Happy Friday, guys!
I hope you guys are recovering nicely from a bountiful feast yesterday, and also finding excellent deals today.
I have the next couple of days off, so I'm getting caught up on my reading! We're reviewing a couple of books today, beginning with Young Widows Club.
Alexandra has been on my radar since Tumble & Fall, and I was curious at how the premise of this book would play out.
Published November 10th 2015 by Farrar, Straus and Giroux (BYR)
Format read: ARC via publisher
However, readers will likely be divided on Alexandra Coutt's storytelling approach. This is a book that is very much about moving forward and trying to leave the past behind, and opinions will likely be divided on how this impacts the strength of the story between Tam and Noah.
Coutts introduces us to Tamsen "Tam" Baird, a seventeen-year-old free spirit who has just lost her nineteen-year-old husband. Where as husband Noah was once the center of Tam's world, she's now struggling with the idea of just what to do with her life while she's gone.
While I went into the book expecting a lot of romance - more on this later - Coutts surprised me with her decision to focus primarily on Tam's recovery process. Though Tam does a fairly good job of holding it together on the outside, she's an absolute mess on the inside, unsure of how to live without Noah, or the band that they were supposed to have supported together.
Coutts paints a sympathetic portrait of Tam as a girl who is stuck between two worlds; she's gotten a taste of life as a willingly married adult couple, but is now expected to resume the life of a seventeen-year-old teenager. It's hardly surprising that these expectations drives Tam toward bursts of rebellion, including one that results in her being sent back to school, and also into group therapy with fellow widows.
As Tam struggles with the idea of confiding in friends and fellow therapy attendees, Coutts does an exceptional job of showing just how depression and the recovery process are pretty much individual to the person experiencing it. There's no easy fix-all or quick solution, and it's up to each person to find out what can help them move on. There's also no shame in experiencing setbacks, something Tam experiences several times.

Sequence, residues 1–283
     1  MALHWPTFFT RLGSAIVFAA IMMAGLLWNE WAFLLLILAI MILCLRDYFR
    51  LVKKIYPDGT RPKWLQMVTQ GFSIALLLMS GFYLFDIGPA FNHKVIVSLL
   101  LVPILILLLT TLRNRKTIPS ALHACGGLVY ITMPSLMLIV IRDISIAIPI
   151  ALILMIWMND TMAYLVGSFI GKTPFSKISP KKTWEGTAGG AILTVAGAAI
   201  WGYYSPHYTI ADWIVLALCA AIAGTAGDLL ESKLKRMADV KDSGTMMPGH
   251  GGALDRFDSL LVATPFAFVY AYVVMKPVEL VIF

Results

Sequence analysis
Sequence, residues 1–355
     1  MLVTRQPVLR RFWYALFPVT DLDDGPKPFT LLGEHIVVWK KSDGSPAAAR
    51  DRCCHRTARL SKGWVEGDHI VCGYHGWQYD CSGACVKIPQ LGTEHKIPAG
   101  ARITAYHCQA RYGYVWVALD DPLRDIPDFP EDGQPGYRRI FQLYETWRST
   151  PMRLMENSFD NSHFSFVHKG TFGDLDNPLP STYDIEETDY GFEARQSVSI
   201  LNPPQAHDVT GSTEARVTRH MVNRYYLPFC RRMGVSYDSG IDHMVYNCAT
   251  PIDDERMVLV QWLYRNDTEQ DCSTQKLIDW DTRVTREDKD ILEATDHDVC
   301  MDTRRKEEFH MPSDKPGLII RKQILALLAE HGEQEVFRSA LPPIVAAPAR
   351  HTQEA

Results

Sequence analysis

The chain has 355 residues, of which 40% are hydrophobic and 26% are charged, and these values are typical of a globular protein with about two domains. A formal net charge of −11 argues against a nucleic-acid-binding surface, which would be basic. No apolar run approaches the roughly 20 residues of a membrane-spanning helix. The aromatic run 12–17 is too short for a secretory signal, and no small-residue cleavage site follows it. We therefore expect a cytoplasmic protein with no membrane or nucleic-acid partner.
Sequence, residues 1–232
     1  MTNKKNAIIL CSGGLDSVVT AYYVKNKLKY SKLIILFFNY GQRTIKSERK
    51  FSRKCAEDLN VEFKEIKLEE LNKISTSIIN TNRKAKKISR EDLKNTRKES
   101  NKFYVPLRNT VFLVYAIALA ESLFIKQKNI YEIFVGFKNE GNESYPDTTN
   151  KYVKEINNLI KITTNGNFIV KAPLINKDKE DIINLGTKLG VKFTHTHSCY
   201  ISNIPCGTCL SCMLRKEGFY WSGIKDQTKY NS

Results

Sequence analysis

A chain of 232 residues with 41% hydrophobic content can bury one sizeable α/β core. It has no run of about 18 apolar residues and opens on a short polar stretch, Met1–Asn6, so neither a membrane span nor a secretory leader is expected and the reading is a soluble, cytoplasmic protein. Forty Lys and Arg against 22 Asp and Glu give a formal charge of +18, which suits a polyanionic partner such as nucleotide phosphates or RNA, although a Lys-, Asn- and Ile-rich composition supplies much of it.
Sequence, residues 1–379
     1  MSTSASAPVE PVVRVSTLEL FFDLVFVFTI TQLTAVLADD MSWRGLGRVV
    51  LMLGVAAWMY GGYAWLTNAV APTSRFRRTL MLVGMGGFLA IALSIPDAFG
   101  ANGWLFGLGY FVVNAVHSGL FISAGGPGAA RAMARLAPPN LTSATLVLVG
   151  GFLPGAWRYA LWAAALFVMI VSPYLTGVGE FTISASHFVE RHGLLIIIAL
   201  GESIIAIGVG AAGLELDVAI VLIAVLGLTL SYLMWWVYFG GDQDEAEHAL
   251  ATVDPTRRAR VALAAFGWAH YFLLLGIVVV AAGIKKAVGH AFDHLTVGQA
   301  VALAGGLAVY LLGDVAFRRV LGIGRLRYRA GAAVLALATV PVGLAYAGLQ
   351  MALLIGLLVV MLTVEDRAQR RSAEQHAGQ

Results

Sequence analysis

One of Tam's most poignant setbacks involves a romance with an older group therapy attendee. The romance isn't unusual considering what both Tam and the attendee have in common, but Coutts presents a strong reminder that emotional health is often needed when pursuing something new like this, and it's both embarrassing and oddly reassuring, when Tam bluntly realizes that she may not just be there yet.
Where readers may find issue with the book, is the lack of background (or really, personality) for Noah. While readers never doubt Tam's commitment to both their long-term relationship and eventual marriage, Coutts never really elaborates on just why Noah was so compelling and/or romantic. There's no explanation for why he would support Tam giving up her life for his, which weakens the relationship considerably.
However, it's worth keeping in mind that Tam's life is very different from that of a non-islander, a point she stresses throughout the book. What seems strange and inexplicable to readers can likely be viewed as an island normal, and it's definitely worthy of discussion.
Bottom line: This is a teenaged romance with an non-traditional foundation. Readers may struggle with some of the elements of the story, but Coutts has written a thoughtful tale of grief and recovery.
Tam's journey is an imperfect one, full of moments of misunderstandings and repeated setbacks. But that's what makes her story so compelling. This is a young girl who has voluntarily taken on more mature, adult responsibilities, and her struggle to reconcile that knowledge, with the expectations for her to be a teenager again, send her on a journey that's tragic, painful, but also helps her to get to know herself better.
Strongly recommend for fans of contemporary fiction. The Young Widows Club isn't necessarily a traditional romance, but it's love note to learning how to live your life and what it takes to start over and move on.